UN rights chief Navi Pillay on Wednesday urged the Gaza Strip's Islamist rulers Hamas to halt a string of executions planned after the end of the Muslim Eid al-Fitr holiday.
"I am deeply concerned at the possibility that executions might be carried out over the course of the next weeks in Gaza and urgently appeal to the de facto authorities there not to implement any death sentences," Pillay said in a statement.
Eid al-Fitr, which marks the close of the Muslim fasting month of Ramadan, ended last Sunday.
During Ramadan itself, Hamas authorities had said that executions would take place after the holiday but have given no specific date.
Pillay described the judicial process in Gaza as deeply flawed.
"I am concerned about the process by which death sentences are imposed by military and civilian courts in the Gaza Strip," she said.
"Serious concerns have also been raised about ill-treatment and torture during interrogations of persons later sentenced to death."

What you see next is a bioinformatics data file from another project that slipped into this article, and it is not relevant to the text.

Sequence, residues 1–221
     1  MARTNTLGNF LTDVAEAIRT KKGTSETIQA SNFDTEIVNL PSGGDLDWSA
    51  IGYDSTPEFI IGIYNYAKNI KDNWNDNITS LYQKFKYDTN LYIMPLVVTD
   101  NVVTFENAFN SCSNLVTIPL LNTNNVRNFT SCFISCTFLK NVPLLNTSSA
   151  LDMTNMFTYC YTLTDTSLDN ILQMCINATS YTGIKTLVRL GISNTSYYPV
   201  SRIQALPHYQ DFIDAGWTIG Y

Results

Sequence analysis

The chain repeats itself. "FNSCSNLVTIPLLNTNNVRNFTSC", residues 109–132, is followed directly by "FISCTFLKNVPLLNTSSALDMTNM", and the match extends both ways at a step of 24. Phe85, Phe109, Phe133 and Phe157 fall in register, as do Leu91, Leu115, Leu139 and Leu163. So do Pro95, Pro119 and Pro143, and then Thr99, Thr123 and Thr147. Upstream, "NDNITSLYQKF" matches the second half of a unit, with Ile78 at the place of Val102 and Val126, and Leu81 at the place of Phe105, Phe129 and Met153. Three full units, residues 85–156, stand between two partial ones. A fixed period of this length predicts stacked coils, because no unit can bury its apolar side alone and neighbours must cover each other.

According to Amnesty International, those sentenced to death include a 27-year-old who confessed under torture to the rape and murder of a six-year-old boy, committed when he was under 18.
Another man on death row, aged 23, was sentenced for "collaboration" with Israel, Amnesty said.
Pillay said international human rights law requires rigorous fair trial standards in cases where death sentences are applied.
"One absolute requirement is that the death penalty can only be imposed after a fair trial. This is currently not possible in Gaza, neither legally nor practically," she said.
Under Palestinian law, collaboration with Israel, murder and drug trafficking are all capital offences.